Book Review #4: God’s Missionary People, Van Engen

The thesis of God’s Missionary People is stated as “as local congregations are built up to reach out in mission to the world, they will become in fact what they already are in faith: God’s missionary people” (17). VanEngen divides his book into three parts to address this idea: God’s missionary people, a new vision of God’s missionary people, and becoming God’s missionary people.

Part One

Chapter one: We must rethink church and mission, not as competing factors but as mutually beneficial, interrelated entities – to have one we need the other. It is because of the universal nature of the Church that each individual congregation is missional and as it lives out its missional mandate, it becomes part of the universal Church

Chapter two: The Church is a sociological institution with a spiritual nature; just as Christ was God and man, so the church is both of humanity and the divine. In order to understand the mission of the Church, we must understand and unify both sides of the Church’s nature.

Chapter three: The church in Ephesus is marked by oneness, a unity given by God that defines the parts, but is greater than the sum of the parts (50). The church is called to oneness of faith in Christ, oneness in holiness and oneness in mission.

Chapter four: The four marks of the church, “one, holy, catholic, apostolic,” should be seen as adverbs describing the mission activity of the church rather than simply adjectives describing the church. These four concepts should be reexamined and put into action.

Chapter five: The church must be open to new interpretations of the nature of the Church, but must hold firmly to the truth of Christ as the same “yesterday, today, and forever”. Therefore, new concepts can be evaluated in terms of the four marks of the church.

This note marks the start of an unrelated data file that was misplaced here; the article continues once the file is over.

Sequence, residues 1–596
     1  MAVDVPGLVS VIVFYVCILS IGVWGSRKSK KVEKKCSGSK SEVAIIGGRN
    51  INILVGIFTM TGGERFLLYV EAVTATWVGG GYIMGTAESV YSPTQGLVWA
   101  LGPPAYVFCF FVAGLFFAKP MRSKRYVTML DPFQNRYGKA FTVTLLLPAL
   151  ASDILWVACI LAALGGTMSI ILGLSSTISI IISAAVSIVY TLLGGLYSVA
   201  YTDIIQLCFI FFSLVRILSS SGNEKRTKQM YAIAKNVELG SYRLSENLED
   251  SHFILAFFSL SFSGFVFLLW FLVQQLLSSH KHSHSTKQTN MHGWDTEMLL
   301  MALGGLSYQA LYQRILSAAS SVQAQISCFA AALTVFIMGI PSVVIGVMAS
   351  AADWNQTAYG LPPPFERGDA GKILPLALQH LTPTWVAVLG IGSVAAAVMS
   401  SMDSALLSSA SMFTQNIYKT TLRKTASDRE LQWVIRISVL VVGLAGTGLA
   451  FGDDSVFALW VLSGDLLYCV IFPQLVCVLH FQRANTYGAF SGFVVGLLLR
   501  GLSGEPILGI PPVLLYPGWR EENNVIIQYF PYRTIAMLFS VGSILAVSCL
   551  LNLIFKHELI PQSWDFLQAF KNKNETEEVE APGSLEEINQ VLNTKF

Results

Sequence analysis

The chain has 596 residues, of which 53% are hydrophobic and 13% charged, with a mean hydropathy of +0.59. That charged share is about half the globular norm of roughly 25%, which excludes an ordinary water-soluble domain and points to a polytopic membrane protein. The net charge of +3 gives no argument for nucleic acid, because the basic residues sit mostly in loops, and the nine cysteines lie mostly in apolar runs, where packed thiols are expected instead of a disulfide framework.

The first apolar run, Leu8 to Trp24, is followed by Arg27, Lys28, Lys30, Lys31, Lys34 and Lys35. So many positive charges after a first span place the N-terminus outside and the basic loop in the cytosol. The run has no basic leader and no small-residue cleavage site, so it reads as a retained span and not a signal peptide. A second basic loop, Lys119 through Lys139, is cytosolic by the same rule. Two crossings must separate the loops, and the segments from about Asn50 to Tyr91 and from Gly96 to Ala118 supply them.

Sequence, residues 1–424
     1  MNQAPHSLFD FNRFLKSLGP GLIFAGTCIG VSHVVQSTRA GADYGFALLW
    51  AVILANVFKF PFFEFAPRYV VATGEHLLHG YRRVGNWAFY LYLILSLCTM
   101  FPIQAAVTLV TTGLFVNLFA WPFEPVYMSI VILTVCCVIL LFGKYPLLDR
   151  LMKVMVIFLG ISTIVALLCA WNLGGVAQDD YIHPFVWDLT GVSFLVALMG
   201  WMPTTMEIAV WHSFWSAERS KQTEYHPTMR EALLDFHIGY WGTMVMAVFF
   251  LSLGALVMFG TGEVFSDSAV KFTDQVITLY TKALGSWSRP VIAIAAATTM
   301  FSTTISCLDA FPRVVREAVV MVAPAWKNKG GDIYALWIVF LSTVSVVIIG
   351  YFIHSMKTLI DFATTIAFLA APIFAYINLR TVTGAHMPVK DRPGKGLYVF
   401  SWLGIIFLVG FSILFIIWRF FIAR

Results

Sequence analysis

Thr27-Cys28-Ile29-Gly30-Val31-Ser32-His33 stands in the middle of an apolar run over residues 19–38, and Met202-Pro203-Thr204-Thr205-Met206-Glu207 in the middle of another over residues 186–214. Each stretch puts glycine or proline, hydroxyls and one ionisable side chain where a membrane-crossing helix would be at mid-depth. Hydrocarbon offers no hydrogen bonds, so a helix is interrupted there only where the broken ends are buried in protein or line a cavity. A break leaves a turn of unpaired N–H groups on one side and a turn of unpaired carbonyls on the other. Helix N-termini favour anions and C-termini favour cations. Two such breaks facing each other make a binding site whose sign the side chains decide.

Part Two

Chapter six: “The missionary church emerges when its members increasingly participate in the Church’s being-in-the-world through koinonia, kerygma, diakonia, and martyria” (89). The church begins to see it’s purpose as it fulfills these four callings.

Chapter seven: There should be a dynamic relationship between church, kingdom and world.

Chapter eight: The mission of Jesus serves as a template for the mission of the Church. Jesus filled the roles of prophet, priest, and king; therefore, the church is called to be a community of prophetic, priestly, kingly people sent into the world.

Part Three

Chapter nine: The presence of the Holy Spirit enables the church to become missional. We must be willing to see the nature of the church be turned into priorities and actions that engage the world.

Chapter ten: We must critique the role and understanding of laity in the church. We need a biblical perspective that sees all believers as “the people of God.” This should result in equipping and training all members to be ministers.

Chapter eleven: In the missionary church, leaders should be mobilizing and equipping the people for ministry, while simultaneously training others to become leaders.

Chapter twelve: The goals of the missional church are not possible without intentional administration to facilitate the work. Godly administration is the facilitator for contextualizing, evaluating, and organizing the resources that send the church into the world.


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